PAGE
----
4) When Mary broke the various records (“exceeded the current female World Records”) it triggered an automatic Drug Testing Protocol which is done on all lifters who break records. During that time, someone stated that Mary had a penis, outing her as transgender. The official statement uses highly transphobic language to convey this, “The Drug Testing Coordinator for this event performed the drug test at which time it was revealed that this female lifter was actually a male in the process of becoming a Transgender female.”

5) Mary’s weight in at 179.3lbs/81.3kg which put her in a specific weight class and not in a weight class where there is no upper level (women’s weight classes top out at 98kg while men’s go up much higher). She lifted in the Master’s category for age range.

6) Mary’s lifts were as follows:
Squat: 130kg opener, 138kg (chipped*/barely broke VA state Masters record), 142.5kg/314.2lbs (chipped*/barely broke world masters record)
Bench: 100kg opener, 102.5kg second lift, 104.4kg/232.6lbs (chipped*/barely broke world masters record)
Deadlift: 177.5kg opener and World masters record, 185kg (again set new record), final lift 192.5kg/424.4lbs (final set of world masters record)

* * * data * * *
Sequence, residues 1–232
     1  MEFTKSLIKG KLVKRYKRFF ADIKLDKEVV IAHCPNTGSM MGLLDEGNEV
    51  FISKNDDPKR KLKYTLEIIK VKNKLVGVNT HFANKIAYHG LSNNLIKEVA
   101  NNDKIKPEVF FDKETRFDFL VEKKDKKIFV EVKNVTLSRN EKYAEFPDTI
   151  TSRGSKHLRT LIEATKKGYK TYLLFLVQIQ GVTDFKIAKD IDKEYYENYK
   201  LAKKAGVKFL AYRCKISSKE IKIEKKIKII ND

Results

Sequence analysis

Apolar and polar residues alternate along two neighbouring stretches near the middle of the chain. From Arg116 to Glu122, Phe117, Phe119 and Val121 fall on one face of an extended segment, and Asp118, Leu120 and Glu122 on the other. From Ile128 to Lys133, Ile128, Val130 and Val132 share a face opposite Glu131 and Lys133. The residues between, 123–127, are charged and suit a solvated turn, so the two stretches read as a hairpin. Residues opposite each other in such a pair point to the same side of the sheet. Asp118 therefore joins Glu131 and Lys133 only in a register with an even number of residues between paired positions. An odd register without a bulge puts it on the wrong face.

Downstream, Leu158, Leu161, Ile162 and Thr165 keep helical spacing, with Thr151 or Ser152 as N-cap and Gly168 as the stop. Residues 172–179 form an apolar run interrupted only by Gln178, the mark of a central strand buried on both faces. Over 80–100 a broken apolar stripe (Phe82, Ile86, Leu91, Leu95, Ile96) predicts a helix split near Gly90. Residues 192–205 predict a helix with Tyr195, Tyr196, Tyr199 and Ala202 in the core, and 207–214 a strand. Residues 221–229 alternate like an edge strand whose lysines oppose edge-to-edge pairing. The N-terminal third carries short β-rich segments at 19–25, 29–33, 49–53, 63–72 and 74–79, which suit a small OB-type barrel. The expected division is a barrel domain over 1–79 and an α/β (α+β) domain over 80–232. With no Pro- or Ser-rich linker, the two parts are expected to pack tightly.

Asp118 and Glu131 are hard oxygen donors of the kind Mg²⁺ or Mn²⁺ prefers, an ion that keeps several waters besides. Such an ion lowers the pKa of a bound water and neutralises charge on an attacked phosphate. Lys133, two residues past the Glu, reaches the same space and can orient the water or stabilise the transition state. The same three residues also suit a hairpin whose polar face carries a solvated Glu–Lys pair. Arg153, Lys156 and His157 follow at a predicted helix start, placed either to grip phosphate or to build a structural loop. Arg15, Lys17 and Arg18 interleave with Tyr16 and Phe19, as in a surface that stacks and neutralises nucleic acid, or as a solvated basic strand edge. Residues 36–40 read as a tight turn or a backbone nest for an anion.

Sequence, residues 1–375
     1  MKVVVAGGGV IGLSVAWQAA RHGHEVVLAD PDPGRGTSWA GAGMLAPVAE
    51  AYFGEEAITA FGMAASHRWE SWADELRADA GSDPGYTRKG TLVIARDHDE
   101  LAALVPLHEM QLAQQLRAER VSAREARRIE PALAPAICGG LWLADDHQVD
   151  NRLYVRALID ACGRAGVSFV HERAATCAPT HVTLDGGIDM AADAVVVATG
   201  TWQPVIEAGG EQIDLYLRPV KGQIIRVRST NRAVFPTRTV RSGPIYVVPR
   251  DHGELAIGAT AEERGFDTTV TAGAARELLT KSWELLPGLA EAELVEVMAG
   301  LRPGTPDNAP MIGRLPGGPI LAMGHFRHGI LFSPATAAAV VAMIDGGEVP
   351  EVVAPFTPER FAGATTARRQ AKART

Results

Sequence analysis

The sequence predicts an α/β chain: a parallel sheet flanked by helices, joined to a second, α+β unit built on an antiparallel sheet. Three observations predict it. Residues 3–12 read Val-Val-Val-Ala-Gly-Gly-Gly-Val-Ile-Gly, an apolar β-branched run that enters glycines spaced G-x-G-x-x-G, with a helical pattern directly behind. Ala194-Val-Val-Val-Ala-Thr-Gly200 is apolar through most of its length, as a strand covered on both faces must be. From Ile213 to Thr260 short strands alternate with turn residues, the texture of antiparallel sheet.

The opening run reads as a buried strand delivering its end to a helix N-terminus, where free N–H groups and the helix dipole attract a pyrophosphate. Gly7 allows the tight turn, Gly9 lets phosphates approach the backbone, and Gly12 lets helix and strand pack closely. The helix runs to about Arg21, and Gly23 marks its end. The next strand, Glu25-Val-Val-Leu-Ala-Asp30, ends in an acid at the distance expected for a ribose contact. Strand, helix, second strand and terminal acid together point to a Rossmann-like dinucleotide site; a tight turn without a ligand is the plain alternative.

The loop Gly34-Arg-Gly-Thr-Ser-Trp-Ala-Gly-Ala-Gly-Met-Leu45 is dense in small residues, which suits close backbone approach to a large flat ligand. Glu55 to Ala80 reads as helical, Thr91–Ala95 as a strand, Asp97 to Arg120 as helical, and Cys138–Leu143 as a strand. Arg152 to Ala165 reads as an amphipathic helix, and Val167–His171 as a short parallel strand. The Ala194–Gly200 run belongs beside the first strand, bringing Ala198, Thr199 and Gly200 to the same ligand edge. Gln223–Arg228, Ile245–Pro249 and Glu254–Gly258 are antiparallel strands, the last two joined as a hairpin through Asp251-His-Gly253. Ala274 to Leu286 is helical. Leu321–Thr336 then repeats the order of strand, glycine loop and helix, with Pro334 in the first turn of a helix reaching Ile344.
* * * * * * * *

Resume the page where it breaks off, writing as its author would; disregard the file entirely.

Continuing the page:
Lift numbers as they’ve been removed from the federation website: https://www.instagram.com/p/BwyyjfvgEAV/?utm_source=ig_embed

7) 100% Raw Powerlifting stripped her of all records, awards, and trophies upon the decision that she was a male, and in giving into the “outrage” of cis people who wouldn’t know what the term chipped was outside of what you do to your tooth when you hit it on something.

Ok, time to break all this down.

Powerlifting competitions are separated into various categories:
-Single category lift in either deadlift, squat, or bench (Sometimes a fourth event is added)
-Classic raw (all three events put together) with no gear outside of knee wraps and a belt
-Single ply (all three events put together with a certain type of gear worn)
-Double ply (same as singly ply but with again, different type of gear)
For more information, check out Barbend.com’s breakdown of the differences between raw and equipped lifting.